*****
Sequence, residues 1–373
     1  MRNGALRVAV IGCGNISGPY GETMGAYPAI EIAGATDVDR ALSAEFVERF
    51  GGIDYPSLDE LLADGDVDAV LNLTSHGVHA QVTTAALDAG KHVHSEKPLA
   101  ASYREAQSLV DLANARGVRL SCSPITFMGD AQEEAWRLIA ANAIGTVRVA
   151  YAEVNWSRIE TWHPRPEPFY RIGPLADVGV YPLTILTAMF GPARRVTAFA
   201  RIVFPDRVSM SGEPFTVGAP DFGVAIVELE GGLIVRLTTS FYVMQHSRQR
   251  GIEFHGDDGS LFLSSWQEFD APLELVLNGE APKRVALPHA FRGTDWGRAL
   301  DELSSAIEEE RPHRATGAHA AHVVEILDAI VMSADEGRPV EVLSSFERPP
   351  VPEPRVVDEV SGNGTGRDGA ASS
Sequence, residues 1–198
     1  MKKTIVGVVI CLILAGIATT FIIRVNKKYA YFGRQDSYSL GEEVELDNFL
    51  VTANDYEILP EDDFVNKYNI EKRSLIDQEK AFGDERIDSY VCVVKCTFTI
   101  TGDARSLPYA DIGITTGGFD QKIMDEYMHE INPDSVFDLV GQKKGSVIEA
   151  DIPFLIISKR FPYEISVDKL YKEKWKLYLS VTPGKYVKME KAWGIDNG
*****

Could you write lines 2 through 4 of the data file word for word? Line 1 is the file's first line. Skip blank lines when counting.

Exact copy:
     1  MRNGALRVAV IGCGNISGPY GETMGAYPAI EIAGATDVDR ALSAEFVERF
    51  GGIDYPSLDE LLADGDVDAV LNLTSHGVHA QVTTAALDAG KHVHSEKPLA
   101  ASYREAQSLV DLANARGVRL SCSPITFMGD AQEEAWRLIA ANAIGTVRVA